Treaty Rock: What happened?

| August 22, 2020 1:00 AM

No treaty was signed there. No handshake or other customary method of sealing a deal was performed here. So, what’s the big deal? Here is the story.

Fredrick Post was born in Germany in 1821. He married at age 26 and a year later, in 1848, he immigrated from Germany to the U.S. with his new wife, Anna Margaret Hild, settling in Illinois.

CDA Press Photo

Not only was Post industrious, he was inventive. He invented a riding scraper and a pulverizing land-roller plus dammed up two local creeks while in Illinois. In one creek he constructed a grist mill and in the other a lumber mill. As if that wasn’t enough, he operated a limestone quarry and built a dam across the Fox River. Still, he had the time to raise five daughters with Anna.

If Post had a genius it was in his understanding of the power inherent in flowing water. He moved to the Inland Northwest in 1871, and soon had business interests in Spokane and Rathdrum. But, more importantly, there was a waterfall nearby on the Spokane River, which, I hesitate to mention, made his mouth water.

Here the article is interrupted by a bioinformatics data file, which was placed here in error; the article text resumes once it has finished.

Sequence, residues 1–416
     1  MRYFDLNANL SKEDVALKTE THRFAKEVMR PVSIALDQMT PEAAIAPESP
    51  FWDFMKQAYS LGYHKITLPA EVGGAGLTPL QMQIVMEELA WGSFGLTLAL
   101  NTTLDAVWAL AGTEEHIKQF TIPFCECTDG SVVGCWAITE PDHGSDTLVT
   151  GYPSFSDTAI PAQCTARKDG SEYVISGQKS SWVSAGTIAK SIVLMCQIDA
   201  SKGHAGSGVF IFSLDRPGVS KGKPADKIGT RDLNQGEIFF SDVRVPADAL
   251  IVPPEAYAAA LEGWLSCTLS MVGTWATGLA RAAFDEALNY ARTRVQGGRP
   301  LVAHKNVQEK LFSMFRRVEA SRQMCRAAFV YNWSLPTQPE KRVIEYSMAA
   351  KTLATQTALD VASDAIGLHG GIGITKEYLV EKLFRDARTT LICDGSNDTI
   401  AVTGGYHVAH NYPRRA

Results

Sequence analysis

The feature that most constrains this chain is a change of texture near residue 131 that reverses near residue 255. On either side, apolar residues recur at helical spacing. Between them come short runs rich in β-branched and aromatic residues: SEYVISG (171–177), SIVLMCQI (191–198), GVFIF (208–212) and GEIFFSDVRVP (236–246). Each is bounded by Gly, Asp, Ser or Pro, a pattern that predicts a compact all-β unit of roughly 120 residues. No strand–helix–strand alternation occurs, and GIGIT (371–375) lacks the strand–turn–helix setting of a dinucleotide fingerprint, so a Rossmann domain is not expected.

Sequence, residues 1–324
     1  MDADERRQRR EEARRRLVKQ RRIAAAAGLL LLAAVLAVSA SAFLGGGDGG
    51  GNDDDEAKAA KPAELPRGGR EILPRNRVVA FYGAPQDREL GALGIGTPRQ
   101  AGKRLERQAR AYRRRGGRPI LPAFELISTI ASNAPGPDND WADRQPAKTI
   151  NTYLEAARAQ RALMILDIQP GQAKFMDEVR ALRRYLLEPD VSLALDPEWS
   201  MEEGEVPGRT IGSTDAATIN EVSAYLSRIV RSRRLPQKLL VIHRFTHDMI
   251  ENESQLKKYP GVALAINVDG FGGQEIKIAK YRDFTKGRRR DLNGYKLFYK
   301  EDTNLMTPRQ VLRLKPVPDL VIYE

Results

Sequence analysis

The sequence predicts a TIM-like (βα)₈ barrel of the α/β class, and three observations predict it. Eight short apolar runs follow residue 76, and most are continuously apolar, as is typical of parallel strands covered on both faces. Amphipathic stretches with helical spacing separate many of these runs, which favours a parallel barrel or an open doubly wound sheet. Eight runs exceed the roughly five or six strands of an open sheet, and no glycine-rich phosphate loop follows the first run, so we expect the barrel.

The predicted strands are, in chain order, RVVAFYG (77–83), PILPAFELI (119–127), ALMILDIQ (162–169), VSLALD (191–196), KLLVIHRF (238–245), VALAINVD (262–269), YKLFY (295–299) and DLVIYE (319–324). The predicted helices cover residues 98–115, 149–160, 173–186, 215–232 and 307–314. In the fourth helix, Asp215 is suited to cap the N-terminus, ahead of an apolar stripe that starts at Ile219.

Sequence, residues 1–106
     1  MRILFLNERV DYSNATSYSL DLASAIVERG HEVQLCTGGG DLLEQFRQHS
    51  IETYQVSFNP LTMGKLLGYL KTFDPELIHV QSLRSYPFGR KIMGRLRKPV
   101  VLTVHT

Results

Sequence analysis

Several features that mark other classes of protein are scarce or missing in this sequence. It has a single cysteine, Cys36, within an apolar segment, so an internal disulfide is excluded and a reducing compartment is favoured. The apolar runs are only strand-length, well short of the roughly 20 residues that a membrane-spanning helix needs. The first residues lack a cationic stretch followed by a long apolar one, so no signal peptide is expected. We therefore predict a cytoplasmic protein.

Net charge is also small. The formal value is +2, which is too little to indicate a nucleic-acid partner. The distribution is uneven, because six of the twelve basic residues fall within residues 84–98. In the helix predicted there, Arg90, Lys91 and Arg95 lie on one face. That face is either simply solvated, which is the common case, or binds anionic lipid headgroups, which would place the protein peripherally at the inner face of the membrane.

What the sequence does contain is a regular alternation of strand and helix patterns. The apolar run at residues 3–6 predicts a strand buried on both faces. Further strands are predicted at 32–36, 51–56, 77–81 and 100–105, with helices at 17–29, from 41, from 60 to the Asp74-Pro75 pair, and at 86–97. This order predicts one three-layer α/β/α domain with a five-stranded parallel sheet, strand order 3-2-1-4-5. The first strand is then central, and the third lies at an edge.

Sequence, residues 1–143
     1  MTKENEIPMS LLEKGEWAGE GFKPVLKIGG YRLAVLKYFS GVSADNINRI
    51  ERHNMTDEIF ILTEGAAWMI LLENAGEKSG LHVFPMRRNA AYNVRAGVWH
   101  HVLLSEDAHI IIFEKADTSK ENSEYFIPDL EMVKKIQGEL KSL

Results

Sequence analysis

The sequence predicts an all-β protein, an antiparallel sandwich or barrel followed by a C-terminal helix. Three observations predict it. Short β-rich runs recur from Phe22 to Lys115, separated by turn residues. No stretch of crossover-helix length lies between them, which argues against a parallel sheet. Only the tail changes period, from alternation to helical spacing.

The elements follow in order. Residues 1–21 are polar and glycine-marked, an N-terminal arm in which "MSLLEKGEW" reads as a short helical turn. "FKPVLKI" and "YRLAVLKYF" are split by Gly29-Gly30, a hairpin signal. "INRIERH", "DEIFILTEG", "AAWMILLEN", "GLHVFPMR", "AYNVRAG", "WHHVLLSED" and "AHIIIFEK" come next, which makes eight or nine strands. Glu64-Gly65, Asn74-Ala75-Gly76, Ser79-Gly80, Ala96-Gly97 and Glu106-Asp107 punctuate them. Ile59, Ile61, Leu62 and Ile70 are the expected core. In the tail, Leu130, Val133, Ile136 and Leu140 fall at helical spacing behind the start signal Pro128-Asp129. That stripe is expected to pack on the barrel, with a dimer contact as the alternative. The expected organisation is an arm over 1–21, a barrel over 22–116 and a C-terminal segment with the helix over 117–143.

Sometime in 1871 Post approached the person then in control of 200 acres on both sides of the Spokane River where “Little Falls” was located. (Little Falls was below Spokane Falls.) This man was a Coeur d’Alene Tribal Leader by the name of Chief Andrew Seltice. He had many cattle and a lot of land. He was known as a wise, gracious man who was interested in progress for his people.

CDA Press Photo

On June 1, 1871, Post and Chief Seltice, as a representative of the Coeur d’Alene Tribe, wrote an agreement giving Post permission to use 200 acres on both sides of Little Falls. Post paid $500. The only “written” evidence of this transaction as seen in the pictographs celebrating this transaction on the rockface of Treaty Rock, now protected with plexiglass.

Post then did what would become a game changer for the entire inland north. He built a dam on the site which soon became the first source of dependable electric power. He built a sawmill which provided lumber to the local area and a grist mill. He started a town which was aptly named Post Falls.

The Museum of North Idaho continues to work diligently to “Move History Forward.” Soon the original verandas will be replaced on the centerpiece of the museum, the J.C. White house. The Coeur d’Alene City Council continues to work collaboratively with the museum to make sure all is done to ensure safety and is “up to code.”

— Richard Sheldon